Going back in time can be a real trip. The retrospective offered by Long Beach Opera in Hydrogen Jukebox promised to be not just a “level 1 or 2 trip…you can get that at any legal dispensary,” but “level 4 or 5 psychedelics, where the world is curved and warped, objects talk to you, time becomes meaningless and suddenly you feel yourself at one with the human race,” as LBO General Manager and Artistic Director Andreas Mitisek put it in his introduction. An opera that isn’t an opera, Hydrogen Jukebox is a collection of 18 poems strung together with music by Allen Ginsberg and Philip Glass in 1989 as a counterculture commentary on world politics from the 50’s thru the 80’s. LBO’s production excised two of the poems and re-ordered the sequence of the others to arrive at the final 90-minute arrangement which was performed on May 30th.
Hydrogen Jukebox evokes a world alienated, on the brink of apocalypse, driven there by the greed and corruption of governments that willingly sacrifice their country’s children to the modern gods of industry, war and political power. As Glass said to Ginsberg at the outset of their collaboration, “If [politicians] aren’t going to talk about the issues, then we should.”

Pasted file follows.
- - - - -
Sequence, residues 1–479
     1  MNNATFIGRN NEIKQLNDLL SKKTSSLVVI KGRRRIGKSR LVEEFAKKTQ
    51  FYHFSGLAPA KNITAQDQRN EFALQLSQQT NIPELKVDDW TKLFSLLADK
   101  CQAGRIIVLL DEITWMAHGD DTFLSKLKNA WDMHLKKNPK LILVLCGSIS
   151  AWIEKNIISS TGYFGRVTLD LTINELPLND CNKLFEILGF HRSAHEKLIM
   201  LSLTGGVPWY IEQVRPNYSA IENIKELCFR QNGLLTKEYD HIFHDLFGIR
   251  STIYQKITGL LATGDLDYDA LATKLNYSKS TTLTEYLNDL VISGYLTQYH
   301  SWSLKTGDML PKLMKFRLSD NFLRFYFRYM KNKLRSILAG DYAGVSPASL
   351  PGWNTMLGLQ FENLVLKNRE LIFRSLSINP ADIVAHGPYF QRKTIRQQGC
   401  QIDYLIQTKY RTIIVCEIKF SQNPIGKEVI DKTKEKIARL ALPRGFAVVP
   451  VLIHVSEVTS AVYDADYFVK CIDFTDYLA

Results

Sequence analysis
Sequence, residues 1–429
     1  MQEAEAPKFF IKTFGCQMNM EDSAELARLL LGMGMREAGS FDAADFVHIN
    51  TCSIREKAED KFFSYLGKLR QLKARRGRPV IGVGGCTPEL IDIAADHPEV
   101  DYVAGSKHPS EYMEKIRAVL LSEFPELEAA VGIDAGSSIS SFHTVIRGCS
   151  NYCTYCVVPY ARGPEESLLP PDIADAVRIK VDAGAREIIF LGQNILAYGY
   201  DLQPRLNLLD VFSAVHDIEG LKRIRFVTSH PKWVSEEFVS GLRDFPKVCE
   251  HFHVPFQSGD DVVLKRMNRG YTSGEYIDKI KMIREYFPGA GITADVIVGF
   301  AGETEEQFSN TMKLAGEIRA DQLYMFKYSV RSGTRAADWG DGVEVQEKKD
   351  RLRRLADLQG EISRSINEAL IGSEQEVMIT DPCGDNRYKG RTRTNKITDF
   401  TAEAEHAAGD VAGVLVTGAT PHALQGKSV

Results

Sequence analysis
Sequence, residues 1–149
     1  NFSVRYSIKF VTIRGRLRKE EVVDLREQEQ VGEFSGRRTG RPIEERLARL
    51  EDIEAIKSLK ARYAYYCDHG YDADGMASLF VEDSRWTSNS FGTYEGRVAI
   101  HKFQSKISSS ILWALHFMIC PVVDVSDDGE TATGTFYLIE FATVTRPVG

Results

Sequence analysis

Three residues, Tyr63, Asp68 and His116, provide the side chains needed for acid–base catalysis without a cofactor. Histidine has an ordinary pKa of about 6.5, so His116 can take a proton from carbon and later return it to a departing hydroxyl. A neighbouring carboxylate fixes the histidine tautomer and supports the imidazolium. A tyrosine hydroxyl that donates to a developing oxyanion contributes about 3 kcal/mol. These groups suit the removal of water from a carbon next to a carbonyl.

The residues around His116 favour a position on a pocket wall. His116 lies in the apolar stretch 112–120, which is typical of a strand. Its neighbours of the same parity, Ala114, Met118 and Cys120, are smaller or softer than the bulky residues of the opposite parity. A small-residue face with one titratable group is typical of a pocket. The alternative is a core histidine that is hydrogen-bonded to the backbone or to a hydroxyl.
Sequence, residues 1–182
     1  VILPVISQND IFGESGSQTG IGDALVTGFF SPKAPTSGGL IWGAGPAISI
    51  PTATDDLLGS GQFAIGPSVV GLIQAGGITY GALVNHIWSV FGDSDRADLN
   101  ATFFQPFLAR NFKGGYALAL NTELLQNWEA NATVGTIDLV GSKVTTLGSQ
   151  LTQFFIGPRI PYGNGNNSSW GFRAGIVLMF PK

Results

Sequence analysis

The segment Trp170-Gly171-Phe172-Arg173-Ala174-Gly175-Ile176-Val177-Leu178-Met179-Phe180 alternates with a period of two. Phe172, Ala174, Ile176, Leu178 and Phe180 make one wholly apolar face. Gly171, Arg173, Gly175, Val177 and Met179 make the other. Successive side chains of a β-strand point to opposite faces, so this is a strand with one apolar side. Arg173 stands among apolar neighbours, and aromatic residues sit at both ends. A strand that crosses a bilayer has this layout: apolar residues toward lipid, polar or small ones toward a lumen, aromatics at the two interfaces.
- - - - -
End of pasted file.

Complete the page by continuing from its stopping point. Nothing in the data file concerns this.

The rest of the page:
Long Beach Opera thrives on the unconventional, and Hydrogen Jukebox certainly fits into that “unbox”, forwarding their commitment to advance the frontiers of opera by offering avant-garde or neglected works. They maximized the impact of the presentation by utilizing a quirky, non-traditional venue. In fact, the event really started en route to the theater with the slight discomfort that comes from traveling to an unknown destination – crossing the Vincent Thomas Bridge overlooking the hub of commerce that is the Port of LA; coming down Harbor Blvd. in San Pedro past the Battleship USS Iowa in the Main Channel; entering the warehouse district and weaving through obscure driveways and parking lots to the huge, mostly empty cement tilt-up that was to provide our stage.